“Every store here – pharmacies, supermarkets, restaurants, convenience stores, internet cafes, rental houses, hotels and even adult stores – which one did not count on consumption of Samsung employees and workers?”
The Huizhou factory started life in August 1992, four days before the establishment of diplomatic relations between Beijing and Seoul, as the South Korean electronics giant signed a joint venture contract with the local government.
A year later, the company with a registered capital of US$32 million was officially put into production, and since then has produced the latest and most popular consumer electronics, from stereos in 1990s, MP3 players in early 2000s and smartphones since 2007.
“There are about 100 local residential buildings, six to seven floors, around 1,000 square metres [10,800 sq ft], in Jinxinda complex; most were leased to Samsung workers,” said Huang Fumin, a sales manager from Huizhou Star Real Estate Broker.
“As soon as the Samsung factory closed, the price immediately dropped from 4.8 million yuan [US$680,000] in August to 3.8 million yuan [US$540,000], and still none of the investors are interested at this price.
“Before, these residential buildings were full of workers from Samsung and its supplier factories nearby. No matter how late, young workers came and went, having supper at restaurants and playing online games in internet bars. Now it looks like a ghost town at night because most of the houses are empty.”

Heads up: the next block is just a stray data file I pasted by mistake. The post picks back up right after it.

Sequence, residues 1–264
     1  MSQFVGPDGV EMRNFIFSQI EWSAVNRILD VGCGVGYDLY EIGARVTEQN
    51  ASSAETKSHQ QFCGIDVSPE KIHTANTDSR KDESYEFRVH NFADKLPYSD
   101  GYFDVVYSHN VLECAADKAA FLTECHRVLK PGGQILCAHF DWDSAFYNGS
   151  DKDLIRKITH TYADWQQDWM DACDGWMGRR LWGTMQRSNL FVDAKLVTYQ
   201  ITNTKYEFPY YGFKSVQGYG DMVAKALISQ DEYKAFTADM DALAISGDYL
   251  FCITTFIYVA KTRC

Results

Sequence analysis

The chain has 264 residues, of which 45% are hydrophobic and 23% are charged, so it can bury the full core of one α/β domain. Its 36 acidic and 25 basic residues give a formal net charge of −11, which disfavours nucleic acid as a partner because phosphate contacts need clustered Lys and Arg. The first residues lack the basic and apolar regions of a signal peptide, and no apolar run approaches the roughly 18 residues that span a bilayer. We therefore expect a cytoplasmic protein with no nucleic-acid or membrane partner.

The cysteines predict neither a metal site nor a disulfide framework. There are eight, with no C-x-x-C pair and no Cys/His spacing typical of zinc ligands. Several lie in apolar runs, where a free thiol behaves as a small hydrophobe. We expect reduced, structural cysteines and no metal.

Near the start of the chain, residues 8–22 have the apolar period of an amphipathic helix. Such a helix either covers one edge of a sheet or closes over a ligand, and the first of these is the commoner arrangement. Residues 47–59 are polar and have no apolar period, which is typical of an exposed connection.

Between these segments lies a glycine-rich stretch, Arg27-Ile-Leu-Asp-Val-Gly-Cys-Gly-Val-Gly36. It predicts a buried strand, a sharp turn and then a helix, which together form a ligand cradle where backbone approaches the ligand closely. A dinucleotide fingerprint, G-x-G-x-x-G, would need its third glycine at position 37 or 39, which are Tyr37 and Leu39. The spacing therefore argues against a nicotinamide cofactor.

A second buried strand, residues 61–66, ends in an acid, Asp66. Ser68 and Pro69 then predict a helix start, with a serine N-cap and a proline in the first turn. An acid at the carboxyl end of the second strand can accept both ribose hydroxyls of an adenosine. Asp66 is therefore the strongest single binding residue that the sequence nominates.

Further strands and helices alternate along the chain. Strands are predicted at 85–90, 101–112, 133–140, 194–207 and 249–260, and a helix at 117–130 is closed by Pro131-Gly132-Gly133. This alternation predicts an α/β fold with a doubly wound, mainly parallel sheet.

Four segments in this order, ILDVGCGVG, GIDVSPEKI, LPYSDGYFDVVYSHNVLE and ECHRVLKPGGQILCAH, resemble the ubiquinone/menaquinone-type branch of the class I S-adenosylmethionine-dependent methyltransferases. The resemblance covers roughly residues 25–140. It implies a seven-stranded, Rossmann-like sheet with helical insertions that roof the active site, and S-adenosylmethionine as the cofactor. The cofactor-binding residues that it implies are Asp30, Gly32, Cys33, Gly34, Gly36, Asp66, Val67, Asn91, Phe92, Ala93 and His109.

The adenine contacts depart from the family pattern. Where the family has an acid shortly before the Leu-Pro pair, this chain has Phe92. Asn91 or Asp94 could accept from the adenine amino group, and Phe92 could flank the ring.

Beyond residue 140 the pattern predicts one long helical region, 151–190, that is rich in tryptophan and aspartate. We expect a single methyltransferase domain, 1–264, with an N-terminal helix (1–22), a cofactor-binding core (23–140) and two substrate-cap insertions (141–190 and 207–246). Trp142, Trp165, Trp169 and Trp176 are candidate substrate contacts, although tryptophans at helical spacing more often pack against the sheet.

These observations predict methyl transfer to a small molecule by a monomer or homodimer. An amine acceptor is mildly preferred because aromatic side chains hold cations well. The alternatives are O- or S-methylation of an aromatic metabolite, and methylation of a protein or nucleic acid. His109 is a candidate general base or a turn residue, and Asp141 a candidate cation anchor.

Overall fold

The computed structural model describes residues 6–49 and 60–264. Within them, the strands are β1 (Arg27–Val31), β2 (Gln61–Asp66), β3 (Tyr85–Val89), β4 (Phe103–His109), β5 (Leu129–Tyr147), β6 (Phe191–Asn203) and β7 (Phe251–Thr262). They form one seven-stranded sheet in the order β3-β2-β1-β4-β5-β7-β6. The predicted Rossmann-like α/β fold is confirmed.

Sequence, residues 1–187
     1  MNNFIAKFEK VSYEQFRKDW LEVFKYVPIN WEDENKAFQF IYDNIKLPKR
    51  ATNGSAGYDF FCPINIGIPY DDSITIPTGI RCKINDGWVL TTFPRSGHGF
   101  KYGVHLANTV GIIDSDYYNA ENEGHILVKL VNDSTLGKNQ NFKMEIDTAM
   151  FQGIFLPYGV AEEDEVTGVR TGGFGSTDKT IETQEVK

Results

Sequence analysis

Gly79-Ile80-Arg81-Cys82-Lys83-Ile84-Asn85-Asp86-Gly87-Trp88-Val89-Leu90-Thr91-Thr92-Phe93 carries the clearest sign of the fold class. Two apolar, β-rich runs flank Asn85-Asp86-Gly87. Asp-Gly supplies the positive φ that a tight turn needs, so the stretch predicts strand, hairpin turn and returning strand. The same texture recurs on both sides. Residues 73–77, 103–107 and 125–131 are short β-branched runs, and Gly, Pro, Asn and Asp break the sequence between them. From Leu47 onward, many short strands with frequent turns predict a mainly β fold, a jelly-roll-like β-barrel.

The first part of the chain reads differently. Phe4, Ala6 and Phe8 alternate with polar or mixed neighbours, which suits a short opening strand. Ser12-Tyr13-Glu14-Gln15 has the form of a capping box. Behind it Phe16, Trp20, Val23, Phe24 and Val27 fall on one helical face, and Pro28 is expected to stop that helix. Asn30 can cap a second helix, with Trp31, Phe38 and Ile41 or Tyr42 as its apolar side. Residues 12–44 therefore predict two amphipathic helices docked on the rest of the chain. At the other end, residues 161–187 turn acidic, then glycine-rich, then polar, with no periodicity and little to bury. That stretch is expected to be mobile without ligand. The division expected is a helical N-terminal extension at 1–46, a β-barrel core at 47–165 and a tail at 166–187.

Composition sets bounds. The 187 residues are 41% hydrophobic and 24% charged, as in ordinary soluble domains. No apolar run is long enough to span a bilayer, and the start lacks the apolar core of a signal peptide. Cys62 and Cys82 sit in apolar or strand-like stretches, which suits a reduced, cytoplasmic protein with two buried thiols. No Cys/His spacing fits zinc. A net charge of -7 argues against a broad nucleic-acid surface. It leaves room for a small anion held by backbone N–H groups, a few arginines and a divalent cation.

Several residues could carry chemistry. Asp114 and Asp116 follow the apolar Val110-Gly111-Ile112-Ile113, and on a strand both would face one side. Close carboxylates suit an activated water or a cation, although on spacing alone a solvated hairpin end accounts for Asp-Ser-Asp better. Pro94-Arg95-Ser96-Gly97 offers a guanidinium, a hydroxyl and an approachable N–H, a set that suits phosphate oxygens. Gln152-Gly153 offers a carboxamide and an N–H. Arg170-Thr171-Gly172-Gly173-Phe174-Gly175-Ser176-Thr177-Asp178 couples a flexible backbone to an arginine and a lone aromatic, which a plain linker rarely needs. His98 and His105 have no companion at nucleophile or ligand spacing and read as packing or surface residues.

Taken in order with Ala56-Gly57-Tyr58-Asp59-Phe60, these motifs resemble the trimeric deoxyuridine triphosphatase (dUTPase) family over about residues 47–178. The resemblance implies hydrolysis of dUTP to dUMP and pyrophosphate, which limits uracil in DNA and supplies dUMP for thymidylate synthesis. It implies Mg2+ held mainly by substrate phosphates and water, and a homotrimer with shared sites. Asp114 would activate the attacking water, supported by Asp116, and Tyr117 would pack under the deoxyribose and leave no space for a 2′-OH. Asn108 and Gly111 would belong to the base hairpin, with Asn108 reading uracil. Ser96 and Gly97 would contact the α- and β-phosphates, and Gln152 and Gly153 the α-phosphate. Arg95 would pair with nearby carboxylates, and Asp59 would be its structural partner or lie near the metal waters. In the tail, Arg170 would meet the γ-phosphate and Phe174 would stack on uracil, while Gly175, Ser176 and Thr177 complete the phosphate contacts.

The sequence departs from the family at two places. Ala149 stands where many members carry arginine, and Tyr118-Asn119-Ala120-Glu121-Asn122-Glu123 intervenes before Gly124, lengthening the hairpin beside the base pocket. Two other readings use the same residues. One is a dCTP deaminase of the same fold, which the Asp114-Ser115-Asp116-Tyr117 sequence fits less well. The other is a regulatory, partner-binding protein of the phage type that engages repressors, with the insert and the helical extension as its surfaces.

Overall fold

In its heyday in 2011, with Samsung’s smartphone sales ranked No 1 in the world, its two factories in Huizhou and Tianjin produced and exported 70.14 million and 55.64 million mobile phones respectively.
According to Huizhou customs data, in October, the first month after the Samsung factory closed on October 3, exports
from the city’s enterprises dropped to 14 billion yuan (US$2 billion), a year-on-year decline of 27 per cent.
In 2017, the Huizhou facility produced 62.57 million mobile phones, accounting for about 31 per cent of Huizhou’s total import and export volume, or more than 105.2 billion yuan (US$15 billion), leaving it inside the top 10 exporters for the whole of China.
Last year, the Huizhou factory dropped to 13 from 10, with import and export volume of around US$16.29 billion, according to a report published by consulting firm Askci.
Li’s restaurant and others nearby are under threat until a solution can be found, or they will be forced to close.
“We most hope the local government can introduce a factory with 2,000 to 3,000 workers as soon as possible,” said Li. “Only with workers can we have business to support locals’ livelihoods.”
An owner of another nearby restaurant would accept a plant with 1,000 or 2,000 employees, saying that his “business is dying and it can’t wait”.